4.3Overall Score


Eyewitness Travel Guide: China is a well-illustrated guide to the world’s most populated country. Chapters are laid out region by region and cover everything from basic Chinese history and culture to travelers’ needs and expert recommendations. Full of color photographs, maps and pages divided into easy-to-read columns, this guide is by far, in my experience, the best choice for attention-lacking readers like myself.


The first 57 pages provide a solid introduction to the history, culture, customs and geography  of China before it delves into the details of seven regions of the country. Each region is then broken down into area chapters covering up to three provinces, all listed by color with a color-coded map and key inside the front cover for quick reference.

These chapters are briefly introduced by highlighting the specific area’s culture, history, geography and cuisine, usually in around 200 words or less. From there it jumps into the good stuff: summaries on area highlights including distances from main hubs, transportation options, hours of operation and weather warnings; maps of major highways and railroads and bigger maps of cities with street-finder indexes. Many beautiful, color images earn the Eyewitness Travel books their catchphrase, “The guides that show you what others only tell you.”


As already mentioned, the visuals are what really sells this book. On past vacations other guidebooks left us guessing what exactly we were going to visit. So it was a relief to pick up the Eyewitness series and plan all our detours well in advance based on what caught our eye throughout its pages. Maps helped us navigate city streets, illustrations provided detailed layouts of historical sites and beautiful pictures led to spontaneous detours.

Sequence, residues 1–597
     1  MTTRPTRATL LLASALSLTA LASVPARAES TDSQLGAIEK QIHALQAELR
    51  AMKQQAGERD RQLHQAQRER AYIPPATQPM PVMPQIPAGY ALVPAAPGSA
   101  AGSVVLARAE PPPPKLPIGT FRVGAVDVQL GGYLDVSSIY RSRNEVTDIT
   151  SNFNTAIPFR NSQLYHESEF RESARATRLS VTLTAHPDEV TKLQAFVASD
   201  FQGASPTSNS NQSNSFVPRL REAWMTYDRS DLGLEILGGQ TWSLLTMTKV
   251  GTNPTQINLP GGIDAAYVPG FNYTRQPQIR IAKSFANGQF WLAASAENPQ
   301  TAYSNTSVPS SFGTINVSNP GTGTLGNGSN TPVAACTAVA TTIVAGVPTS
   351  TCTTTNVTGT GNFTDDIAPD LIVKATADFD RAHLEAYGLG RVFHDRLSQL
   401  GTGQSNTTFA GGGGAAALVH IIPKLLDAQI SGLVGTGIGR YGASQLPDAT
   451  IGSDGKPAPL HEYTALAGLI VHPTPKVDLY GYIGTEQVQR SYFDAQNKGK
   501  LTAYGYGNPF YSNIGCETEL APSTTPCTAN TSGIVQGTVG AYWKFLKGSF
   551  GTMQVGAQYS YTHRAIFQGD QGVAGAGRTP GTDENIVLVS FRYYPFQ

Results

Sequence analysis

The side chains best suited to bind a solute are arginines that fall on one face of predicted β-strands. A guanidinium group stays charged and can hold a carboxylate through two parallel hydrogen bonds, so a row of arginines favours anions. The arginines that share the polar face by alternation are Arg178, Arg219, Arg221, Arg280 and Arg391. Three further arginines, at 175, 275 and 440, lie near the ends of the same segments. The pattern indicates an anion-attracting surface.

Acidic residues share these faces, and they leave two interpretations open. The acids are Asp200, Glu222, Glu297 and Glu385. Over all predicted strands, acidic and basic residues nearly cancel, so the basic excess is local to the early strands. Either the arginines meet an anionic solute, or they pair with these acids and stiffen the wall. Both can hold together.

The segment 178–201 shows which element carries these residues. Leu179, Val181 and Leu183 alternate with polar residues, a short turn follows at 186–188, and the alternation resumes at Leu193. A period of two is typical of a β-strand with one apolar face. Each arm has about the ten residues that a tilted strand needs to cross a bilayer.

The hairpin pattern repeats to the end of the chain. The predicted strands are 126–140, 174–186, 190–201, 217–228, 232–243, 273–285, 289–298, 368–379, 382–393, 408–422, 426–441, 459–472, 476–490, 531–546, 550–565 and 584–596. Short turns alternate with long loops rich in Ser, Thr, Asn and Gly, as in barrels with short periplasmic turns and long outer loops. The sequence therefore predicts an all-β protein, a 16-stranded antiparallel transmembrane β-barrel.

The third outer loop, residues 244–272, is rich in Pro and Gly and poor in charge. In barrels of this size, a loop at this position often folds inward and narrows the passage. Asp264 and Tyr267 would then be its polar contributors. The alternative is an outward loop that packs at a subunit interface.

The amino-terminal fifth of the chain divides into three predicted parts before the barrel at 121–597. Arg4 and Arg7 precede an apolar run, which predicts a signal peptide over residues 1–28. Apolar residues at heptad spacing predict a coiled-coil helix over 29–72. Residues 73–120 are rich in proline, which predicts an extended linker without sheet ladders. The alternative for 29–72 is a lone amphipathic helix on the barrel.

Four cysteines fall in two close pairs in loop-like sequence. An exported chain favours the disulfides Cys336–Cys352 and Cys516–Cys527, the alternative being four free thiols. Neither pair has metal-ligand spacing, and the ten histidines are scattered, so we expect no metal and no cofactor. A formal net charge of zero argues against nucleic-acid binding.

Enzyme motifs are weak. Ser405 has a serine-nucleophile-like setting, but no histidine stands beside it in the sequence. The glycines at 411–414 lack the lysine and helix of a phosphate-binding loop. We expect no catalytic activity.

While some travel guides might pack more information into their books, it’s usually with encyclopedia-like, black-and-white print that requires pages of reading to dig out a small snippet of information. Eyewitness Travel has made things far easier by summarizing all of that into easy-to-read columns, giving recommendations, directions and just enough background to help one understand what they’re admiring once there.

Some might prefer page after page of print, but whether planning ahead or picking out more trip ideas while on the road, the layout in this book helps you find what you need, read it and digest it quickly.


We’re somewhat torn on whether to pack this along on our trip. In 2011 we packed the Vietnam edition on our trip there and were happy to have it along. It provided so much good info and was light enough to carry in a day pack while out exploring. China is a much bigger country and therefore requires a much bigger book, more than double in size. It’s a brick.

While we hope to be in China for an entire month, we plan to pack light for this journey. Britnee is letting me decide if I want to carry this guidebook along or not. We could always donate it to a fellow traveler once we depart for Mongolia, but with a price tag of $30 and with plenty of information we’d love to use again, the book might have to be left at home.

It has certainly served its purpose, however, easing the planning process and allowing plenty of daydreaming while looking forward to visiting this magnificent country.


Pick it up here on Amazon!

About The Author


Mark quit everything to travel the world for a year with his wife, Britnee. Along the way, he picked up a love for many other things, including illy coffee, Nepal, Bolivianos bills, and Thai beaches. Now happily home in Utah, Mark is a balding marketing professional with a mountain biking addiction.